Dwight A. Carey (Section 01)
(Offered as ARHA 253 and ARCH 253) This course traces the social and political history of the modern city from the nineteenth to the twenty-first century. In the process, it questions the extent to which contemporary megacities—like São Paulo or Shanghai—reflect a social and urban system of organization that has its roots in earlier experiments in metropolitan design. Over the course of the semester, we will approach a number of genericized architectural spaces that have recurred across modern cities in ways that elucidate the broader template to which such urban zones often conform. These sites include the park, the nightclub, the brothel, the restaurant, the port, the highway, and the hotel, to name only a few. Our examination of these spaces will foreground the role of architecture and urban planning in shaping social interaction in these common locales. We will approach these sites as manifested in several modern metropolises, such as Paris, Dubai, Mumbai, Shanghai, Dakar, São Paulo, and New York. In investigating these places, we will ask: What makes a city? What, if any, continuities characterize the organizational structures, social spaces, and living conditions of modern cities in the western and non-western worlds? In encouraging students to explore the relationships between European and non-European urban centers, this class will serve as a point of departure for rethinking the binaries that separate the West and the Non-West. Through written assignments and independent research, students will gain knowledge of the ways in which urban spaces have informed social, political, economic, and cultural histories in America and beyond. This course will also aid students in developing their writing and research skills.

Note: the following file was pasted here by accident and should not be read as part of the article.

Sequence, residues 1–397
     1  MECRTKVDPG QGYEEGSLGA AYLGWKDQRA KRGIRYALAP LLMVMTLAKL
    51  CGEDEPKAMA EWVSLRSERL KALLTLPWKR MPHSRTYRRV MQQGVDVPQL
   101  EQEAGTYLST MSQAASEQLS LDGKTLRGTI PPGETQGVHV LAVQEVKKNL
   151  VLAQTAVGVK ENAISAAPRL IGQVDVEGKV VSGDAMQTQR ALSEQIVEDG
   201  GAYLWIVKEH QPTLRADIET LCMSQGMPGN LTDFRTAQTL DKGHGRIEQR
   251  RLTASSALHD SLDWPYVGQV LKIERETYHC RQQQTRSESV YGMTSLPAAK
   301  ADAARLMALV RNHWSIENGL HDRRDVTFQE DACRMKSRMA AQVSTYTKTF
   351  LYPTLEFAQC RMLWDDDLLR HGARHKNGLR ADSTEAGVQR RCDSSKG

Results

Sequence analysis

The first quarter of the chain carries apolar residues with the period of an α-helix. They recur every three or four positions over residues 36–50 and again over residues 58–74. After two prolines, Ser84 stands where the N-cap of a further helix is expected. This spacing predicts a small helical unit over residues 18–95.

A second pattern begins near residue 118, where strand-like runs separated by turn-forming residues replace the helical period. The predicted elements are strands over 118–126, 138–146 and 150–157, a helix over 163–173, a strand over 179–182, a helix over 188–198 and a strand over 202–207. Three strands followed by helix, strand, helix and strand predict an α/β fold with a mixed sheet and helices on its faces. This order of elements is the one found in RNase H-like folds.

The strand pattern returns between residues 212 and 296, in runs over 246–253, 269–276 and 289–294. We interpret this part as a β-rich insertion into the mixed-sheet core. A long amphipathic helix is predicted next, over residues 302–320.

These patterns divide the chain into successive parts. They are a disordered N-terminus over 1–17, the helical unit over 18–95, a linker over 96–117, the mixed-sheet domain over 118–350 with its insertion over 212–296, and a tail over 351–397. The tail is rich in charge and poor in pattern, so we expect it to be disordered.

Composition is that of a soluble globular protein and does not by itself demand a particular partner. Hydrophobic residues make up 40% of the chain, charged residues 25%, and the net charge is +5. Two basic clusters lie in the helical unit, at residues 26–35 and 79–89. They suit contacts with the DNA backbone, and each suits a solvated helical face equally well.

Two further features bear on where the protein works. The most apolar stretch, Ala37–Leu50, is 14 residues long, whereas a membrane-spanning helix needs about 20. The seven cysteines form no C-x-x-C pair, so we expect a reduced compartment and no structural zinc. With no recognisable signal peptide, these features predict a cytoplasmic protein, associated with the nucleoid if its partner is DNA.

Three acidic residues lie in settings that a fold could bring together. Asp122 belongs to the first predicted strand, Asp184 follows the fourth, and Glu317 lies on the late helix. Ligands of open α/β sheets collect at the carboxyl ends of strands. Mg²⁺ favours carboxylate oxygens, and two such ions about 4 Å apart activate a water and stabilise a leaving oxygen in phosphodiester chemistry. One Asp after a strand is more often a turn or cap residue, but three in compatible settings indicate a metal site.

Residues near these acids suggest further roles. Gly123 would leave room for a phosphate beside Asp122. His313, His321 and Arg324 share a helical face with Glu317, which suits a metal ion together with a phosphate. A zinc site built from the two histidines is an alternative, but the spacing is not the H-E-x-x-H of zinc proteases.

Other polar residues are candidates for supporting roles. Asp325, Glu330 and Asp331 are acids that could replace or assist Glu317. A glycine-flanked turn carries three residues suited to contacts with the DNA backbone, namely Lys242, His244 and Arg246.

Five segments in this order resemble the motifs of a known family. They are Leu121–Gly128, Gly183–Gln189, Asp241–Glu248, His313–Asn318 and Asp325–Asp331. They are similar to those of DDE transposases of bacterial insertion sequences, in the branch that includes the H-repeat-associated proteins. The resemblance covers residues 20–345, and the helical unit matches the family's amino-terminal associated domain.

Spring Semester. Professor Carey.